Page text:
Citizens Climate Lobby: Carbon Fee and Dividend Policy
Julia Moravcsik, Tesla owner and member of the Denver Electric Vehicle Club, is also involved in the Citizens Climate Lobby, “a nonprofit, nonpartisan, grassroots advocacy organization focused on national policies to address climate change solutions.” Julia joined CCL in 2019 is on the Automotive Committee as the Resident Specialist in EVs. She works with different committees and industries to get endorsements for climate-action bills and performs outreach as well.
Currently, Julia has been heavily involved with CCL’s Carbon Fee and Dividend Act, a bill that has been in the works for 10 years. This policy proposes a carbon tax, where the carbon fee would tax point-source emissions at $15 per ton of CO2 equivalent emissions, including oil, gas, and methane. This fee would increase with time until the United States emits only 10% of what it did in 1990, allowing industries the time to develop greener technology or switch to cleaner, renewable alternatives. The carbon tax would increase the price of any product whose production relies on carbon emissions, and all the money received from this fee would go back into every American’s pockets. Every month, each person would get a check covering these costs, meaning that lower-income populations would actually benefit from this policy and there would be a net benefit for people and the environment. This sets the policy apart from other similar carbon taxes that opt to donate a portion of the tax revenue to climate-action causes instead. The fee is expected to lower emissions by 80-90% as it continues to increase over time.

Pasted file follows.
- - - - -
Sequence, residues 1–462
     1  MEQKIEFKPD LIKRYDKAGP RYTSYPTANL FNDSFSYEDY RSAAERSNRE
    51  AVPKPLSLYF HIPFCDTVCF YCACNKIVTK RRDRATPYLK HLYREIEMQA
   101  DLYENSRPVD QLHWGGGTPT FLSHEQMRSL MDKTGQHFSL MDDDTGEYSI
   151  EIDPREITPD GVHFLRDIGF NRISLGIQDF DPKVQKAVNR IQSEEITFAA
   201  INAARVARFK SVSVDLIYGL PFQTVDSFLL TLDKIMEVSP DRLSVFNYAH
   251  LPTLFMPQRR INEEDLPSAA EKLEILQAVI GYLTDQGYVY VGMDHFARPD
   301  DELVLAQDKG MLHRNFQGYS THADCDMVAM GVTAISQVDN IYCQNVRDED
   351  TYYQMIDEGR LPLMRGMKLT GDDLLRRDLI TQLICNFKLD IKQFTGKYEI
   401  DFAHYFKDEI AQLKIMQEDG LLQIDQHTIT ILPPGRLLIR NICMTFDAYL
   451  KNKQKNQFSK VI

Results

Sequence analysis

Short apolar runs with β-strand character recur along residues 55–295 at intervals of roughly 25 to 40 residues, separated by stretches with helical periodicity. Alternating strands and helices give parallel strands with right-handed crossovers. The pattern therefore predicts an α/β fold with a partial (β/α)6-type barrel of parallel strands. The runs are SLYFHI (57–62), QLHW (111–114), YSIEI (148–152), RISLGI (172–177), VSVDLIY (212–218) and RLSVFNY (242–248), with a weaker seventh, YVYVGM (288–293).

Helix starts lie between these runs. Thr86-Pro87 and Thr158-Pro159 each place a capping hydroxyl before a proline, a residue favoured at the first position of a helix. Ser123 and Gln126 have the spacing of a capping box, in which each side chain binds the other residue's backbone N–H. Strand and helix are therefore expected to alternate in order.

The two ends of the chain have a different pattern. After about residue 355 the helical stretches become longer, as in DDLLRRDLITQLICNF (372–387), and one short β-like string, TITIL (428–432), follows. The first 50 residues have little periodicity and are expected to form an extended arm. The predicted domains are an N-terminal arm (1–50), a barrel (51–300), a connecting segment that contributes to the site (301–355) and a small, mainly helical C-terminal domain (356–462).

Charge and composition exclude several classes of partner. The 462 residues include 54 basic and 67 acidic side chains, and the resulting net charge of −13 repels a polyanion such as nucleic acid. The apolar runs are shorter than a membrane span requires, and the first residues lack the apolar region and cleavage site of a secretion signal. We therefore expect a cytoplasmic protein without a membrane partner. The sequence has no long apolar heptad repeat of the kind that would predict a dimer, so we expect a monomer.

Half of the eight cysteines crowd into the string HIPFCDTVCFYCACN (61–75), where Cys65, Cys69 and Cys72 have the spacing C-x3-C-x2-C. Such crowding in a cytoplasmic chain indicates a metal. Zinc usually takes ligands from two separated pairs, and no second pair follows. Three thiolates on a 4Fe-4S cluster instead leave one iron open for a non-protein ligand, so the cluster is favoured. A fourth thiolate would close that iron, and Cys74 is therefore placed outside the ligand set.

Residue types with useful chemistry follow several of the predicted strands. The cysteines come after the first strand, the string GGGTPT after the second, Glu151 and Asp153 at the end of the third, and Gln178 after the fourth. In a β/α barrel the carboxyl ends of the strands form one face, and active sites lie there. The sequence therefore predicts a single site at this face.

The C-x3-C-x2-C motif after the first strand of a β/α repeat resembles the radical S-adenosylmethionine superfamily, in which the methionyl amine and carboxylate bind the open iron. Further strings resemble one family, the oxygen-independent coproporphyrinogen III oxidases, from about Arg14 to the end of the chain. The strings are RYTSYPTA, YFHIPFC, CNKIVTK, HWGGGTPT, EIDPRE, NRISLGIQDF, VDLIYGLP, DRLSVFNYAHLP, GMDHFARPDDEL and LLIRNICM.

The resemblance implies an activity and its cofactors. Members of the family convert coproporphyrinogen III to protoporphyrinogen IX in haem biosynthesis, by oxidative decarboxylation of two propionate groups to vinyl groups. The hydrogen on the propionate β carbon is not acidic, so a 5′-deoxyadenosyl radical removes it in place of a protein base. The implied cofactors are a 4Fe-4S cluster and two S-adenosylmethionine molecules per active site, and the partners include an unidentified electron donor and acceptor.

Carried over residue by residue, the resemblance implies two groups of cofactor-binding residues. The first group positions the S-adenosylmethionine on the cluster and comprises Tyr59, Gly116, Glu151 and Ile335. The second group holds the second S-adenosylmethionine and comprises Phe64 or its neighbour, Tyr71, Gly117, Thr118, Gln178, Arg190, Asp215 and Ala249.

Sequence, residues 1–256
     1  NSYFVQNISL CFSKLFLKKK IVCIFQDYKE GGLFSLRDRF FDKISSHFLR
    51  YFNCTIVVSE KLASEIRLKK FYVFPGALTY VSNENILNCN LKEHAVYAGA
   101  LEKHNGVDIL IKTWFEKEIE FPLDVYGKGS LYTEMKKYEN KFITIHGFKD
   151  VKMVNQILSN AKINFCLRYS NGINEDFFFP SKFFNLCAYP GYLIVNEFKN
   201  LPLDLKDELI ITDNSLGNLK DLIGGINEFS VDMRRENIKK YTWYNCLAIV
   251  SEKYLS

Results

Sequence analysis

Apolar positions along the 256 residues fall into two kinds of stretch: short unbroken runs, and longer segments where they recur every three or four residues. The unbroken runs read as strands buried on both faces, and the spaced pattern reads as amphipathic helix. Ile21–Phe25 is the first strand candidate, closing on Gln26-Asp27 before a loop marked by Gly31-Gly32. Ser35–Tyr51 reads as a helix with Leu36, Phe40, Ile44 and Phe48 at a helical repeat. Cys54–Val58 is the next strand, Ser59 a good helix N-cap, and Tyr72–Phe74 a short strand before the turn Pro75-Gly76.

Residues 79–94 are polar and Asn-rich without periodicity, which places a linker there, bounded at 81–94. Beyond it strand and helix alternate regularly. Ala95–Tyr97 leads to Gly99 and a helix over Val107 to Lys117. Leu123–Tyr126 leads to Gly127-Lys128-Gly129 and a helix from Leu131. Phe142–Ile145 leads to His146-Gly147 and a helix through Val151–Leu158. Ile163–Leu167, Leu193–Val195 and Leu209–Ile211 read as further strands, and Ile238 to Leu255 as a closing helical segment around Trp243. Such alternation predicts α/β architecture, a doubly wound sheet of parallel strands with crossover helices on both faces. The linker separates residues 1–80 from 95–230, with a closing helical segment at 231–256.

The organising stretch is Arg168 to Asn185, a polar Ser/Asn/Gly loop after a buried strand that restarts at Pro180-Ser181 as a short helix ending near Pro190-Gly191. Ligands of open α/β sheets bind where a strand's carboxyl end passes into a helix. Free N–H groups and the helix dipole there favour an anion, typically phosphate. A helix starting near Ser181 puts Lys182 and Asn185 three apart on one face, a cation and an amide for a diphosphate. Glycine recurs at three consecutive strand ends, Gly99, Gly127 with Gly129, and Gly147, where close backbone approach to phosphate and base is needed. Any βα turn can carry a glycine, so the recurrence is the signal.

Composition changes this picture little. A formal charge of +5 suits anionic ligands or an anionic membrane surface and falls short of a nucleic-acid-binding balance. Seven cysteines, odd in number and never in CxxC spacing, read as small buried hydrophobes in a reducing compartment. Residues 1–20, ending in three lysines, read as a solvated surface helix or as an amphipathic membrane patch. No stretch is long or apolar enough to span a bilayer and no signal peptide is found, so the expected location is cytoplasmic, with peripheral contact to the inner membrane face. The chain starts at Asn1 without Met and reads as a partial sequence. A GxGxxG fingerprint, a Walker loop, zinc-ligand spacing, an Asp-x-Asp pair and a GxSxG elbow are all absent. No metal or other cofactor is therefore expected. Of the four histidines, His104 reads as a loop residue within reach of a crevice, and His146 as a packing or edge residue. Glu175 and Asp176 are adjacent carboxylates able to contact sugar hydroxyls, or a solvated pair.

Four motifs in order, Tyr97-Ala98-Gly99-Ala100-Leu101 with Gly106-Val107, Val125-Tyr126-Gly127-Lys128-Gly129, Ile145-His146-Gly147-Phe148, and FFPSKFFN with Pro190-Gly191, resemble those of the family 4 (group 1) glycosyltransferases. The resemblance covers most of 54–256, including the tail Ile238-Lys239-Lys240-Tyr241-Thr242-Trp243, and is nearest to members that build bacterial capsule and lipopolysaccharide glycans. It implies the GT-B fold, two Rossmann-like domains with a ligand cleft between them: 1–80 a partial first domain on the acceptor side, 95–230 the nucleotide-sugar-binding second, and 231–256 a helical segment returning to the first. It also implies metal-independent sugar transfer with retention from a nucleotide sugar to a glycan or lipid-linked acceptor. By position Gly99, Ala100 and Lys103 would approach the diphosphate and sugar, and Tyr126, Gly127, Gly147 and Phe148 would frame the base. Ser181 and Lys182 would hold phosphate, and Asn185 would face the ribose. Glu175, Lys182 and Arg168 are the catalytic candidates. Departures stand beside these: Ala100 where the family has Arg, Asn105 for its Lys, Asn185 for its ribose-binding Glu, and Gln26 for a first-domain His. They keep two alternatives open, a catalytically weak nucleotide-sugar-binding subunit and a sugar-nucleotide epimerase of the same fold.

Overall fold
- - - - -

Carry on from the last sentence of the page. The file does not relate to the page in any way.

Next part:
The Carbon Fee and Dividend Act would also encourage electric vehicle adoption. Since the price of carbon would increase, EV owners who don’t rely on it for their cars will save more money over time in comparison to the owners of internal combustion engine (ICE) cars. This increase in gas prices will also encourage people to buy more energy-efficient vehicles to avoid paying more at the pump and to increase their lifetime savings. In addition, for those who are more driven by the cars’ environmental benefits, EVs will become even cleaner as manufacturers and mining companies (who must mine for the materials in the car’s battery) will be incentivized to use renewable energy sources instead of fossil fuels to avoid paying this tax.
Because this is a market-based solution, it has bipartisan support. Around 68% of Americans are in favor of a carbon tax and 55% of Republicans show support as well. The Citizens Climate Lobby is the largest organization with the most support around a carbon tax and is optimistic about getting this policy passed soon, as a new presidential administration has given hope to a more favorable outcome. Julia is still working on gathering support from other organizations in order to bring these endorsements to the table when the policy goes to legislation.
To show your support, you can call or email your Congressional representative or you can email the White House and fill out the form asking them to pass a carbon tax. If you’re interested in participating with the Citizens Climate Lobby, go to their website to join. For more information about the policy, read the FAQ.